Single family homes are the best housing investment. They will usually appreciate as long as the location location location is good. Condos are next up as an investment, but I got burned on my last purchase in 2006 when the real estate market died in 2008. Last is manufactured homes. The nice thing is you can buy one used at great bargains, although some command prices in excess of 200,000 even used, because of their location. More commonly manufactured home depreciate rather than appreciate, but location is a very big factor. For example, in the Pacific Northwest housing it at such a premium that people there are starting to take a look at manufactured homes just to put some kind of roof over their heads.

Mine will be about $75,000 new, plus transportation beyond 100 miles, and also site prep. I don't care about appreciation because I don't expect to live more than 10 additional years (based on my DR's assessment of my chronic illness), I have no children, and my wife is recently deceased.

The last thing I's like to mention to you is if you build/buy a manufactured home new, concentrate on things you don't see, but will make you home better. For instance, have your home built to energy star standards. Even if you don't get the certification, your home will be cooler in Summer and warmer in Winter. Go for the upgrade to plywood subflooring rather than MDF. Decrease the spacing between studs if it is greater than 16" on center. Try to have your home sited as low as possible on the land (this will most likely require shallow excavation) so as to eliminate steps. Increase the size of the lumber and decrease the spacing for the floor joists, so you have a very solid stable floor.

Good luck.
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Old 04-30-2019, 02:36 PM
 
18,172 posts, read 16,389,030 times
Reputation: 9328
Quote:
Originally Posted by Beaconowner View Post
I'm planning on buying a manufactured home myself, but I am hoping to put it in a park where the residents own the land. (Google "ROC" to learn more about that).

If I can't find one of those communities for 55+ then I'm going to very carefully select a community that is 4 or 5 star rated and has a relatively low space rent (below $600/month).

Single family homes are the best housing investment. They will usually appreciate as long as the location location location is good. Condos are next up as an investment, but I got burned on my last purchase in 2006 when the real estate market died in 2008. Last is manufactured homes. The nice thing is you can buy one used at great bargains, although some command prices in excess of 200,000 even used, because of their location. More commonly manufactured home depreciate rather than appreciate, but location is a very big factor. For example, in the Pacific Northwest housing it at such a premium that people there are starting to take a look at manufactured homes just to put some kind of roof over their heads.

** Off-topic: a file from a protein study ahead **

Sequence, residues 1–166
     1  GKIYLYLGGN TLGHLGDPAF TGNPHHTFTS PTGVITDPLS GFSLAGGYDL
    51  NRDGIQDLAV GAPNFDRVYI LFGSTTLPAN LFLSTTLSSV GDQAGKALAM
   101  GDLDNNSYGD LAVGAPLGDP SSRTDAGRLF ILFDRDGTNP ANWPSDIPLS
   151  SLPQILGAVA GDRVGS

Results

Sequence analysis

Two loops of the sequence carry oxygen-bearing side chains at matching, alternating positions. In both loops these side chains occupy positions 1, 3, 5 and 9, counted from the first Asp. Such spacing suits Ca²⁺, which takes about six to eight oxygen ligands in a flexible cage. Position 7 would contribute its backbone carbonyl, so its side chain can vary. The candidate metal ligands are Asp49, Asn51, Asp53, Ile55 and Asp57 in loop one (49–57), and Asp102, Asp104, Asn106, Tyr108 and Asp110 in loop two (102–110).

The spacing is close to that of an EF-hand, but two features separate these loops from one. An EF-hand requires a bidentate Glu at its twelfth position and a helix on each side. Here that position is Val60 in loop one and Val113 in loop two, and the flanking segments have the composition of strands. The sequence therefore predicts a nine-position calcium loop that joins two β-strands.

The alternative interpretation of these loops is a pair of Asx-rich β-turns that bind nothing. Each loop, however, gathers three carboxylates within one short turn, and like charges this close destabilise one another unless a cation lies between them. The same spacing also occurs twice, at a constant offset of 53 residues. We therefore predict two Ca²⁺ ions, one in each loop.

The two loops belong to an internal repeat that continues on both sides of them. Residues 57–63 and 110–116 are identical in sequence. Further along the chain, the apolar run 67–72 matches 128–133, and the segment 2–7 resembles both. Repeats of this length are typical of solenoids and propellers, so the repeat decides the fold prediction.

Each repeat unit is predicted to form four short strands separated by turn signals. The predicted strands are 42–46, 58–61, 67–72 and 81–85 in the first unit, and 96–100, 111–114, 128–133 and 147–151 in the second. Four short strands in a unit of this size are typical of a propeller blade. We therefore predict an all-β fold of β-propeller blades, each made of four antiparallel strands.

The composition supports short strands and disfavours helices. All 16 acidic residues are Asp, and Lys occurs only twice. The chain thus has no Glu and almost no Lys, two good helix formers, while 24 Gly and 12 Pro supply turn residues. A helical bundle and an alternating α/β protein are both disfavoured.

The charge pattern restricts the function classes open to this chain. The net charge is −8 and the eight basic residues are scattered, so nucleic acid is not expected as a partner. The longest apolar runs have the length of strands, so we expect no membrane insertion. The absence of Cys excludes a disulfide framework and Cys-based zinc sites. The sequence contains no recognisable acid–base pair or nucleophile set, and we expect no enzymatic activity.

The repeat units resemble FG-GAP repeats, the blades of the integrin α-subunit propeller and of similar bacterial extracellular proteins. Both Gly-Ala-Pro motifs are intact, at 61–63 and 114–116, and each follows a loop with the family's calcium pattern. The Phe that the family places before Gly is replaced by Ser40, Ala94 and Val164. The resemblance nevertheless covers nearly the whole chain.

Mine will be about $75,000 new, plus transportation beyond 100 miles, and also site prep. I don't care about appreciation because I don't expect to live more than 10 additional years (based on my DR's assessment of my chronic illness), I have no children, and my wife is recently deceased.

The last thing I's like to mention to you is if you build/buy a manufactured home new, concentrate on things you don't see, but will make you home better. For instance, have your home built to energy star standards. Even if you don't get the certification, your home will be cooler in Summer and warmer in Winter. Go for the upgrade to plywood subflooring rather than MDF. Decrease the spacing between studs if it is greater than 16" on center. Try to have your home sited as low as possible on the land (this will most likely require shallow excavation) so as to eliminate steps. Increase the size of the lumber and decrease the spacing for the floor joists, so you have a very solid stable floor.

Good luck.
Good points
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Old 08-19-2020, 05:46 PM
 
Location: Ashland, Oregon
814 posts, read 581,086 times
Reputation: 2587
Thanks for those thoughtful replies.

Nothing concrete has been decided yet but if I do head to Palm Springs, it would be nice to build my own MFH the way I'd want. That's probably not the most cost effective plan but some things will balance out cost-wise which I'll have to figure.

The PNW is great but so darn expensive. My kids all live around here so maybe we can build something with an annex for moi otherwise a move to a less costly area will be in the cards.

My favorite place as of now is Caliente Springs in PS. We stayed there in an RV a few years ago and it was delightful.